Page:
Writer’s Doubt: Genuinely Excited and Scared to Death

I’m not sure what scares me more – failure or success.

Elmwood CemeteryWriter’s doubt creeps in when I least expect it. Everything can be going good, and then BAM! It always catches me off guard. It reminds me that I’m not perfect, and in an odd way, keeps me humble. Yet, I still dread the feeling. I even experienced doubt while writing this blog entry. Am I worthy enough to share my experience? Is my doubt too insignificant to matter? All sorts of similar questions popped into my head.

I literally just released my first book, “Monster Girl“, a little over a week ago and, while I feel fairly good about it, I’m scared to death that the next book will not be as good. Here I am worrying about the next book when I could be celebrating my first major accomplishment. Writing “Monster Girl” was a wonderful experience that I hope I have the chance to experience many more times.

However, writing it was not without its problems. I had all sorts of self doubt during the process. One of the biggest hurdles I knew I’d face was simply finishing the first draft. It’s not that I have a problem with following through with something, but rather, I was scared it wasn’t good enough to finish. But I pushed through. It was a goal of mine to see a book published this year. Now that I have, doubt is creeping back in. The thought of having to follow “Monster Girl” up with something better, or at least equal to, is terrifying. It’s almost stalling.

What if the story doesn’t come?

Like Stephen King stated in “On Writing“, story is like a fossil that we writers are tasked with uncovering. I’m a big believer in trusting the story, but what if I don’t have the right tools to uncover it? What if my brushes from the first book are broken or lost? Doubt loves to rear its ugly head.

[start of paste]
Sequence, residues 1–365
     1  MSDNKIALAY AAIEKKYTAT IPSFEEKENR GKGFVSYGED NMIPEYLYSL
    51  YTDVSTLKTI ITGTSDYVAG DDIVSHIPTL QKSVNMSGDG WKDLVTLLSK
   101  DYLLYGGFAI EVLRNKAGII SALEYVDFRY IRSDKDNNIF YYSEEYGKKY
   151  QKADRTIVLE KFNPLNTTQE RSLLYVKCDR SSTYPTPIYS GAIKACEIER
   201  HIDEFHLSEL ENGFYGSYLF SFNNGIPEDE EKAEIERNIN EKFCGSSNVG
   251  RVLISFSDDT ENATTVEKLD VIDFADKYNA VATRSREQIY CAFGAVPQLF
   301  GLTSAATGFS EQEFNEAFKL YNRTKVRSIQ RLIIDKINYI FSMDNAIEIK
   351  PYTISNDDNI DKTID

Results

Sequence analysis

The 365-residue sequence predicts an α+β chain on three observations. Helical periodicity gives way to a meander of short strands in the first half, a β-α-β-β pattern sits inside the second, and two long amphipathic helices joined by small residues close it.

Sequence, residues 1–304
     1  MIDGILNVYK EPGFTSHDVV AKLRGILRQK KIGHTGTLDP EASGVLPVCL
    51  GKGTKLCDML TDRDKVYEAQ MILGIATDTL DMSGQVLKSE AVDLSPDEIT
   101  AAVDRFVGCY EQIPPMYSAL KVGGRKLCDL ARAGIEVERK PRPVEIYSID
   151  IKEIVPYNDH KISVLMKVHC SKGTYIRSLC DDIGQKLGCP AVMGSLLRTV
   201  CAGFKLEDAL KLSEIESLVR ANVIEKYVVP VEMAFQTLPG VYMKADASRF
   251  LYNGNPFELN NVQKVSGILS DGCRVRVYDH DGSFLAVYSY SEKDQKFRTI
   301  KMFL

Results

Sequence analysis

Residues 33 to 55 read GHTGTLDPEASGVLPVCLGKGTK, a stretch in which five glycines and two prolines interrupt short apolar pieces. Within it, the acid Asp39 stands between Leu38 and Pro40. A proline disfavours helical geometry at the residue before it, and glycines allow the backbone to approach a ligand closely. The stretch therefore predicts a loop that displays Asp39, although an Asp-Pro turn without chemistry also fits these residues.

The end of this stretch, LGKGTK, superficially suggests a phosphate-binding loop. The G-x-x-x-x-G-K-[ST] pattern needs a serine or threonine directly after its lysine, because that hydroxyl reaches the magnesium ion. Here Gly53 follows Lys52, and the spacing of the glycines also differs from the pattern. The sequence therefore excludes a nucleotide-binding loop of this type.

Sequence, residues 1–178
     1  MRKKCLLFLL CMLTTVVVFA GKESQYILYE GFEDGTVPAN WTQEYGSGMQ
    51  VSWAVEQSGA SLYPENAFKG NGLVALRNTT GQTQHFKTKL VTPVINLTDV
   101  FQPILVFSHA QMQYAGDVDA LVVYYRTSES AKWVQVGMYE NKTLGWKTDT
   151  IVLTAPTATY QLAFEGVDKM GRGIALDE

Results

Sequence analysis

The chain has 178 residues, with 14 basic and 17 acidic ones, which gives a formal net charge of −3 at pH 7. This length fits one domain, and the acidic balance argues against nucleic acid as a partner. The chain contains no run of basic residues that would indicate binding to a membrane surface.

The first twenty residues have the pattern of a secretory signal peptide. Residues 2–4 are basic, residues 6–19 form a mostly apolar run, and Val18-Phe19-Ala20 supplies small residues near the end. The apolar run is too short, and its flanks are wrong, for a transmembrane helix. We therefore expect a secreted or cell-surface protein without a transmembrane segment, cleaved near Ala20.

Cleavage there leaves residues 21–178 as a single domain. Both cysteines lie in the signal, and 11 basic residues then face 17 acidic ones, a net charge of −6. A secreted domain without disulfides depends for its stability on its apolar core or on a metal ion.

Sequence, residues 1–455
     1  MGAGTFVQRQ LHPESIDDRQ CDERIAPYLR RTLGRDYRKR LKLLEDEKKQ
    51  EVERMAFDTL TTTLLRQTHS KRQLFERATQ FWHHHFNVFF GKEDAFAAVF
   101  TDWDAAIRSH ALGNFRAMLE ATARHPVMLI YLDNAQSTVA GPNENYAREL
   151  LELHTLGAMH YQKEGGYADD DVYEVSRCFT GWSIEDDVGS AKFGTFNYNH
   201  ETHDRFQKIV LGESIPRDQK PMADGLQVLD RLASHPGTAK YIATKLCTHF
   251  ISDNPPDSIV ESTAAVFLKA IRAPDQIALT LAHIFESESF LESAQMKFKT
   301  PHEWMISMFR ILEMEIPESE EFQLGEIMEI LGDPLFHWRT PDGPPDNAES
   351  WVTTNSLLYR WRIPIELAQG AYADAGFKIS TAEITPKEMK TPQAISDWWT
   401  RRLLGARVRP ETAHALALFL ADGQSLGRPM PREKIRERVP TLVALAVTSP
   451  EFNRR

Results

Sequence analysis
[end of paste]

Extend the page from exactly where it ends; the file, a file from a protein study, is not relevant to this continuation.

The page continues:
How do I combat doubt?

Just like in adventurous movies and novels, I take my doubt-slaying sword and hack away until there is so little there that my reasoning is back in control. It’s human nature to worry, to doubt. But it’s also human nature to overcome.

To combat doubt, I have to remind myself of a few things:

1. That I’m writing a story that I would want to read, and that not everyone will love what I do. And that’s okay. As long as I’m proud of what I did, and I did my best, I’m happy. The bonus of having someone else like it is icing on the cake.

2. That I must make sure I give my 110% because anything less is not strong enough to withstand doubt’s pressures. I accept that I’m not perfect, but I do have to at least try.

3. That I must have fun.

Have fun writing? Yes!

Such a simple statement, yet one that is so easily overlooked or forgotten. Sure, we’d all like to make a living from our writing, but I believe that if I’m not having fun doing it, it’s just like any other job. Writing is more than a job. It’s an excuse to go to magical places and to bring others along with us. It’s an escape from the mundane or troublesome times. Writing is not doubtful; it’s fun.

Self-publishing can be a wild and scary ride. Being scared only means I care, and being excited about doing it means I love sharing magical worlds with others. We all feel doubt, but we’re not alone. There are others like us out there. Now, I have another book to write and some doubt that needs slaying. Feel free to share your own doubts and perhaps we can slay them together.

(I am participating in the ‘Writing Contest: Overcoming Writer’s Doubt’ held by Positive Writer.)

Val O. Morris likes to pretend the monsters aren’t real. She is a filmmaker turned author who writes Urban Fantasy, Horror, and YA. A Monster Kid since birth, she loves all things ghosts, goblins, slashers, demons, monsters, zombies, madmen, werewolves, vampires, and freaky little kids who live in the corn. She invites you to come for the monsters and stay for the story.